893.20 Mission/6–1648

Memorandum by Brigadier General Marshall S. Carter to the Director of the Joint Staff of the Joint Chiefs of Staff (Gruenther)

General Marshall has read the draft of the directive furnished him yesterday. He has these comments to make:

The latter part of Paragraph 5 uses language which was applicable during the immediate postwar period, but which no longer appears appropriate. The language is actually that used in the Presidential Directive of February 25, 1946. It would appear better should the paragraph be completed with the following: “to assist and advise the Chinese Government in the development of modern armed forces for the purpose of enabling China to create a national military establishment in keeping with its national defense needs and to fulfill its obligations as a member of the United Nations.” The specific references to liberated areas, including Manchuria and Formosa, appear unwise.

Paragraph 6 a (5) gives one the functions of the Joint Advisory Council as “furnishing advice and assistance to the Chinese armed forces in the establishment and operation of a joint procurement and distribution system.” This is probably all right. However, there is a questionable factor involved in the Chinese habit of procurement procedures of outright requisition without reimbursement, and some other dubious practices.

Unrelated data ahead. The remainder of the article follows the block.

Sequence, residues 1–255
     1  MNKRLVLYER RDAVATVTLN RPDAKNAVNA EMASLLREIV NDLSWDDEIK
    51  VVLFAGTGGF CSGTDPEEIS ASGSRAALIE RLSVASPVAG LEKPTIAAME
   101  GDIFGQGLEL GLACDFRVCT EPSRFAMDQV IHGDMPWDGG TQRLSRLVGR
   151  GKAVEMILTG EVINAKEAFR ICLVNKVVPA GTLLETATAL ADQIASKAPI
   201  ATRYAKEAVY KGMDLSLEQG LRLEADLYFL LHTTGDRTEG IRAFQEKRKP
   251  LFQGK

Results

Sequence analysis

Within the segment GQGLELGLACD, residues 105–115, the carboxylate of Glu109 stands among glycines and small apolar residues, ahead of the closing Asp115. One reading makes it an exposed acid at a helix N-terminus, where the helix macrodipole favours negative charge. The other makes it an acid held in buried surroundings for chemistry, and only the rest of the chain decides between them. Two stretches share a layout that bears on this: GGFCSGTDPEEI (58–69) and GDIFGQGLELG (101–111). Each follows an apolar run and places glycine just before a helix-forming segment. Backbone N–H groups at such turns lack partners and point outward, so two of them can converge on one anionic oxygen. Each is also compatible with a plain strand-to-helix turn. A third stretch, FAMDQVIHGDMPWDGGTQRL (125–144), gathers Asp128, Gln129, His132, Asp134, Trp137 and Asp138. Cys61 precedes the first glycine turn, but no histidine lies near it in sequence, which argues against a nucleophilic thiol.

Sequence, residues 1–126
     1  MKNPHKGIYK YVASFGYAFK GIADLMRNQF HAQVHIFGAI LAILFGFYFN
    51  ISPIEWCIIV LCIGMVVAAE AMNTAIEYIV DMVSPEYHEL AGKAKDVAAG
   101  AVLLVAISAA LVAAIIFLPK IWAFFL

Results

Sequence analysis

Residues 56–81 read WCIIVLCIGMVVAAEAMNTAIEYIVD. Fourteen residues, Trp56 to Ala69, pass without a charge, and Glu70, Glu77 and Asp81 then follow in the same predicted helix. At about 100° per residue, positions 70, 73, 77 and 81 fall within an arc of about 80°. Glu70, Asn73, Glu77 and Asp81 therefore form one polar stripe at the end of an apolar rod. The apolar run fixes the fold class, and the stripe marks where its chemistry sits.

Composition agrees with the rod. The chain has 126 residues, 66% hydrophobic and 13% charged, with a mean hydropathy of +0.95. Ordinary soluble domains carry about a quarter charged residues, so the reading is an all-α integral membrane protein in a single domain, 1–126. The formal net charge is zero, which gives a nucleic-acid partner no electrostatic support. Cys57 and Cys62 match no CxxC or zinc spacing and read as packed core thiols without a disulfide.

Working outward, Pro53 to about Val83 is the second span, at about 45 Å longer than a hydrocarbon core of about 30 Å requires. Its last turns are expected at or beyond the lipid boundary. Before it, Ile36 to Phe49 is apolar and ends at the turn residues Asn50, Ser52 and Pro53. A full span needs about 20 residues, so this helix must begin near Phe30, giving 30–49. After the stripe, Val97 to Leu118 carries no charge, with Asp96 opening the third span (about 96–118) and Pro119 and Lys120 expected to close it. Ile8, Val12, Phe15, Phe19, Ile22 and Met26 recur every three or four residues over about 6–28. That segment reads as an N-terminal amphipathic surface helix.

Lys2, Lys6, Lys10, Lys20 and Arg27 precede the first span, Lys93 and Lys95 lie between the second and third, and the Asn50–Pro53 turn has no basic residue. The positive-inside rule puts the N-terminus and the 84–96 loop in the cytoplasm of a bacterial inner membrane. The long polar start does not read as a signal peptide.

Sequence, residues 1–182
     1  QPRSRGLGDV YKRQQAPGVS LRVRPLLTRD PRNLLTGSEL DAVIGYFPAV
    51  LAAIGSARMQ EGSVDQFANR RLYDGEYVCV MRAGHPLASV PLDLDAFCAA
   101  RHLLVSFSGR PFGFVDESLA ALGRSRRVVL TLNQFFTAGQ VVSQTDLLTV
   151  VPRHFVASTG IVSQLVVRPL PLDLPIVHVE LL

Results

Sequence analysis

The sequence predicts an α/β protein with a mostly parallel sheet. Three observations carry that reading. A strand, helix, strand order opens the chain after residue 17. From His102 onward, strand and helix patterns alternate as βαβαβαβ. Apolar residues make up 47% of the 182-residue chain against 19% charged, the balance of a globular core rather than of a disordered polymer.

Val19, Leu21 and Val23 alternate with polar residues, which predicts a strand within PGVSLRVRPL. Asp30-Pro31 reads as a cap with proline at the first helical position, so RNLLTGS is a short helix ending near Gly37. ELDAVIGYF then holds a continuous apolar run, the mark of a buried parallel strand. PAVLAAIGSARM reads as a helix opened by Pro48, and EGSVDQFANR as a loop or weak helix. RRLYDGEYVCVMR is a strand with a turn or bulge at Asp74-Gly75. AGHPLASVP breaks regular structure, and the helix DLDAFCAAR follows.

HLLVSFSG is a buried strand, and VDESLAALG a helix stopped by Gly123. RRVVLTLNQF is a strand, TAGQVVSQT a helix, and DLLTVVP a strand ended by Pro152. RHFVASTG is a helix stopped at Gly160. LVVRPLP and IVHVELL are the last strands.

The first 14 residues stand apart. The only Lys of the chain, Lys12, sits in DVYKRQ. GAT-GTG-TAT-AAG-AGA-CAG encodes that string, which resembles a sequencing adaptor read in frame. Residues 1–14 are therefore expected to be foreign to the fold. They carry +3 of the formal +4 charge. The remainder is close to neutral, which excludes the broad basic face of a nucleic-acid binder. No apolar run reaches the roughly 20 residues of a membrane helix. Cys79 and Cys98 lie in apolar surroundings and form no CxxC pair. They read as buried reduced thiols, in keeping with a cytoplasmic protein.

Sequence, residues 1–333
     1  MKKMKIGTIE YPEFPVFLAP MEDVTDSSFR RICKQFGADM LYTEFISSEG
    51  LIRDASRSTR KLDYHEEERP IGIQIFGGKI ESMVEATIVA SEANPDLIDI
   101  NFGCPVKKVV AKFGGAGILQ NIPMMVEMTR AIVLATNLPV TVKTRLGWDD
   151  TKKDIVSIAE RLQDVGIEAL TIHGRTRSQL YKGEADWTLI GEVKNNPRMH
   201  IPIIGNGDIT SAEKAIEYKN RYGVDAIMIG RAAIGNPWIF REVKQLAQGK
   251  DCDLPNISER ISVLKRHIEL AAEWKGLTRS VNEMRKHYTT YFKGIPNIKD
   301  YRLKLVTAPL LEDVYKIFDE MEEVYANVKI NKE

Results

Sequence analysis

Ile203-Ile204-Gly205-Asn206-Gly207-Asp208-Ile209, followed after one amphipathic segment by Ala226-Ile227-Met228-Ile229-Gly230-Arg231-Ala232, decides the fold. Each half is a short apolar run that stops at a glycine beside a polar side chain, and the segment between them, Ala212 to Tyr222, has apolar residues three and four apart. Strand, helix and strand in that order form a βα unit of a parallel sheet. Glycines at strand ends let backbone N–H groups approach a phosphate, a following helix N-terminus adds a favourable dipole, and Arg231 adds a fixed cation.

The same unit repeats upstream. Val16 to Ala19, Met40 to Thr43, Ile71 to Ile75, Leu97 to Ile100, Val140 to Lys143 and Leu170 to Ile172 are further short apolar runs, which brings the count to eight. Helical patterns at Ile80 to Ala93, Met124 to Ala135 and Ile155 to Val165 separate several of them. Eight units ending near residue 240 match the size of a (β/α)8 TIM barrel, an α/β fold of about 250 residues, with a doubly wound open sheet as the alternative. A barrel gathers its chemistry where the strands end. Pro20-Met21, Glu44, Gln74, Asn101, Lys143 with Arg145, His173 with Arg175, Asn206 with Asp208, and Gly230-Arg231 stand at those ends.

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In Paragraphs 6 b (1), 6 c (1) and 6 d (1) the expression, “and equipping of all Chinese _________ forces” is employed. Whether or not this involves an implied commitment of the United States Government to the provision of equipment for all Chinese armed services is uncertain. It would appear better to insert the word “and” between “organization, training”, and to omit the words “and equipping”. Under the expression “organization” character of equipment is, of course, implied, which is the important consideration.

The relationship between JUSMA and the United States Ambassador is not as clearly defined as it was in the directive of February 7, 1947.61 However, the new wording is probably all right.

General Marshall had thought that the specific statement might be made in regard to naval matters which would be very helpful to the Chinese Government and at the same time would not probably involve us in unfortunate implications. What he had in mind was a statement such as this: “There is no objection to U. S. naval officers assisting in the instruction and training of Chinese naval crews both at sea and in port.”

Marshall S. Carter
  1. Not printed.